Language Selection

English French German Italian Portuguese Spanish

Windows cheaper to patch than OSS

Filed under
Linux
Microsoft

A Microsoft-commissioned study -- conducted by its business partner Wipro -- outlined the main areas of so-called "cost savings" by using Windows.

A survey of 90 organisations revealed that Windows database servers cost 33 percent less to patch than their OSS counterparts. Respondents said on average, Windows clients are 14 percent cheaper to patch.

The findings were criticised by several quarters, with some critics dubbing them unrealistic and outdated.

These sorts of studies can't be used as a real-world guide to the cost of patching or maintaining applications, said Frost & Sullivan Australia security analyst James Turner. "All organisations have different needs," he added.

"ROI [return on investment] and TCO [total cost of ownership] figures should be taken as a guide -- they are the vendor's estimates," said Turner.

Paul Kangro, Novell solutions manager for Asia Pacific, highlighted several problems in the research.

Although the study was conducted last year, it referred to problems faced by administrators during 2003 -- before significant improvements were made to Linux patching tools, Kangro said. "We didn't have tools like Xen for Linux then. When I patch my Linux box I don't need to bring it up and down any number of times."

There was also no mention of costs associated with rebooting systems after a patch is applied. "If I am patching a Windows box I typically need to find a time where I can bring it offline and reboot it. That is not mentioned anywhere in this report, which I find rather interesting," said Kangro.

However, Sean Moshir, chief executive of application patch specialist PatchLink, said that Microsoft's patches are in fact cheaper to apply than open-source platforms.

The open source community has retaliated with its own research showing proprietary software is more expensive to use and maintain.

Survey participants comprised companies in the United States and Western Europe with between 2,500 and 113,000 employees.

Full Story.

More in Tux Machines

Mozilla: Code of Conduct, Kelly Davis, Celebrate Firefox Internet Champions

  • ow We’re Making Code of Conduct Enforcement Real — and Scaling it
    This is the first line of our Community Participation Guidelines — and an nudge to keep empathy at center when designing response processes. Who are you designing for? Who is impacted? What are their needs, expectations, dependencies, potential bias and limitations?
  • Role Models in AI: Kelly Davis
    Meet Kelly Davis, the Manager/Technical Lead of the machine learning group at Mozilla. His work at Mozilla includes developing an open speech recognition system with projects like Common Voice and Deep Speech (which you can help contribute to). Beyond his passion for physics and machine learning, read on to learn about how he envisions the future of AI, and advice he offers to young people looking to enter the field.
  • Celebrate Firefox Internet Champions
    While the world celebrates athletic excellence, we’re taking a moment to share some of the amazing Internet champions that help build, support and share Firefox.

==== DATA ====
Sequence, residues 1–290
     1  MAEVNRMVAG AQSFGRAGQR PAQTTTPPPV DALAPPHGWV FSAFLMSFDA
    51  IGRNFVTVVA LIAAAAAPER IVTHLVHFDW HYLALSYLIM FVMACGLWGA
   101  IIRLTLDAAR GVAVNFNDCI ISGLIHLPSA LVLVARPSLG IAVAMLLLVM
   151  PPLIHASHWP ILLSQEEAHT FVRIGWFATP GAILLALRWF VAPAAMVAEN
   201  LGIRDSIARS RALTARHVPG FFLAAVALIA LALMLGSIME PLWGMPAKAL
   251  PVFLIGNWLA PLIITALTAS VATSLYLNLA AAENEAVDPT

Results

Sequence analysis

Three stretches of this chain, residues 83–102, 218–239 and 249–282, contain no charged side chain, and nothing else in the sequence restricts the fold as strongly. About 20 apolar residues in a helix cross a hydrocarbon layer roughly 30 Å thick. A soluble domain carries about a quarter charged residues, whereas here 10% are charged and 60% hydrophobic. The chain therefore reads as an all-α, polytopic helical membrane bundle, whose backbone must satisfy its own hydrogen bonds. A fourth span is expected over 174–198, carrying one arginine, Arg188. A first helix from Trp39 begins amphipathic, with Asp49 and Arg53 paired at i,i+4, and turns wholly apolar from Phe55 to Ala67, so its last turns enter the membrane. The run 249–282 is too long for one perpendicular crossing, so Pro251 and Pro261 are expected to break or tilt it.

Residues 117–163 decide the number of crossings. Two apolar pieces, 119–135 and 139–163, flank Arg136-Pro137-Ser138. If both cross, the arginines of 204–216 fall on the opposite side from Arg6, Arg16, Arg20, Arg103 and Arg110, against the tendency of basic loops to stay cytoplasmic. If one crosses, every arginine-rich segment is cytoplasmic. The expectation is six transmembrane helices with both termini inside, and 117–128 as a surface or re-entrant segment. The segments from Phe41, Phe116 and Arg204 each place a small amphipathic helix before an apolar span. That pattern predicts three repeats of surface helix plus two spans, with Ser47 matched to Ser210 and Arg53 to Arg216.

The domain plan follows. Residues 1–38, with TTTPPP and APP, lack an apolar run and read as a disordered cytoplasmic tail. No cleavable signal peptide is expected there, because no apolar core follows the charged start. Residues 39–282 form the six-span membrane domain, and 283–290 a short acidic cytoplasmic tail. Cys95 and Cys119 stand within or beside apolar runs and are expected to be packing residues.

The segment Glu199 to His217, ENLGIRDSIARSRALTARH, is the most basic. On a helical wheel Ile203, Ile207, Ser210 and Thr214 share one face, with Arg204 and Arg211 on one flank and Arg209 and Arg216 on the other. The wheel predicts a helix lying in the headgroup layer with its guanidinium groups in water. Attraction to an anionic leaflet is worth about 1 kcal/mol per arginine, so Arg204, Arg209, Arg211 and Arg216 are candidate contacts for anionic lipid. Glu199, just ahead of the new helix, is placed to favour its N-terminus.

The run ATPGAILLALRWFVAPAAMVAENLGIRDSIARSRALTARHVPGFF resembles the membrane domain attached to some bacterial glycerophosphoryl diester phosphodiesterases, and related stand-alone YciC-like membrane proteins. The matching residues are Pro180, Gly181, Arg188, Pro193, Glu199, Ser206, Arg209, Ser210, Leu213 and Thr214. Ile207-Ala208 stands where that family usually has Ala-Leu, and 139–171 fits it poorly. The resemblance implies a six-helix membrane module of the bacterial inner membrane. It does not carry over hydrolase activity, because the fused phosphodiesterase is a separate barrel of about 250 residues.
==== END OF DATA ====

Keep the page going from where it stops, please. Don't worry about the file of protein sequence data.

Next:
Canonical Ubuntu 2017 milestones, a year in the rulebook

So has Canonical been breaking rules with Ubuntu is 2017, or has it in been writing its own rulebook? Back in April we saw an AWS-tuned kernel of Ubuntu launched, the move to cloud is unstoppable, clearly. We also saw Ubuntu version 17.04 released, with Unity 7 as the default desktop environment. This release included optimisations for environments with low powered graphics hardware. Read more Also: Ubuntu will let upgraders ‘opt-in’ to data collection in 18.04

The npm Bug

  • ​Show-stopping bug appears in npm Node.js package manager
    Are you a developer who uses npm as the package manager for your JavaScript or Node.js code? If so, do not -- I repeat do not -- upgrade to npm 5.7.0. Nothing good can come of it. As one user reported, "This destroyed 3 production servers after a single deploy!" So, what happened here? According to the npm GitHub bug report, "By running sudo npm under a non-root user (root users do not have the same effect), filesystem permissions are being heavily modified. For example, if I run sudo npm --help or sudo npm update -g, both commands cause my filesystem to change ownership of directories such as /etc, /usr, /boot, and other directories needed for running the system. It appears that the ownership is recursively changed to the user currently running npm."
  • Botched npm Update Crashes Linux Systems, Forces Users to Reinstall
    A bug in npm (Node Package Manager), the most widely used JavaScript package manager, will change ownership of crucial Linux system folders, such as /etc, /usr, /boot. Changing ownership of these files either crashes the system, various local apps, or prevents the system from booting, according to reports from users who installed npm v5.7.0. —the buggy npm update.

Windows 10 WSL vs. Linux Performance For Early 2018

Back in December was our most recent round of Windows Subsystem for Linux benchmarking with Windows 10 while since then both Linux and Windows have received new stable updates, most notably for mitigating the Spectre and Meltdown CPU vulnerabilities. For your viewing pleasure today are some fresh benchmarks looking at the Windows 10 WSL performance against Linux using the latest updates as of this week while also running some comparison tests too against Docker on Windows and Oracle VM VirtualBox. Read more